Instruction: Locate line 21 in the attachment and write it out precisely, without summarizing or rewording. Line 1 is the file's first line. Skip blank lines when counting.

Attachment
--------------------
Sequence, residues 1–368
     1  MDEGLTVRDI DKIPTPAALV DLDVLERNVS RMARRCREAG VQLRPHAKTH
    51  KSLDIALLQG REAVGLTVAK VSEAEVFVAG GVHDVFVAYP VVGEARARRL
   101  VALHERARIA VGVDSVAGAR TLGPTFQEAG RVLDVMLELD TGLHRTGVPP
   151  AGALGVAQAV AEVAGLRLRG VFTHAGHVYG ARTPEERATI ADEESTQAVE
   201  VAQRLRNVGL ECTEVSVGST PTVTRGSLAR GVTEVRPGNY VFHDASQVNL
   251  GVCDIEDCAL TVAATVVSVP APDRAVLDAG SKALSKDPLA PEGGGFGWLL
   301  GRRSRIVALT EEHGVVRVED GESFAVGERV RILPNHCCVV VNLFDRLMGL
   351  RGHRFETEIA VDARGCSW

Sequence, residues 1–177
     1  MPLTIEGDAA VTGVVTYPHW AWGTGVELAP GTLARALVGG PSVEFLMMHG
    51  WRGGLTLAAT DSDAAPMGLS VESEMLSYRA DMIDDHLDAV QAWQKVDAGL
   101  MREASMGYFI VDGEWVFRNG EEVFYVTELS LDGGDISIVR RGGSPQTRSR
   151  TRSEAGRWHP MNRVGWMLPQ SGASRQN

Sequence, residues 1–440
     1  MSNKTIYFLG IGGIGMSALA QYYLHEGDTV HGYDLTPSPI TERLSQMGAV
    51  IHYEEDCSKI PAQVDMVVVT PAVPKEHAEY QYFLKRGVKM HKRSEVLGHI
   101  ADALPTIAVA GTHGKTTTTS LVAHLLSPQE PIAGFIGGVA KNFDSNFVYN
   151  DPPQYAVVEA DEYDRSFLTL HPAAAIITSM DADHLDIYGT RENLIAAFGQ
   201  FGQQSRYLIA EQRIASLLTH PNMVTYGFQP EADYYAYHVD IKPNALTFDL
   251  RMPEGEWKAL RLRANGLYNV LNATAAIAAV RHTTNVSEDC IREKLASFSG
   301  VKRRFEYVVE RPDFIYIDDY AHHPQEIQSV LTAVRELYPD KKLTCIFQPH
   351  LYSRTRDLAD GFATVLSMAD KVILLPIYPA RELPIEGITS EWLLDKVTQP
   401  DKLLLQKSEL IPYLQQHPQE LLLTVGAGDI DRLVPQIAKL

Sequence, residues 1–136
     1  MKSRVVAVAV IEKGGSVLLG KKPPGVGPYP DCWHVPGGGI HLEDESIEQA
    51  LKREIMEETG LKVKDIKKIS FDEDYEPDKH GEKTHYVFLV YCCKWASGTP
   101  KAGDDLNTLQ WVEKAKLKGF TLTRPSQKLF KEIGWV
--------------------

   251  RMPEGEWKAL RLRANGLYNV LNATAAIAAV RHTTNVSEDC IREKLASFSG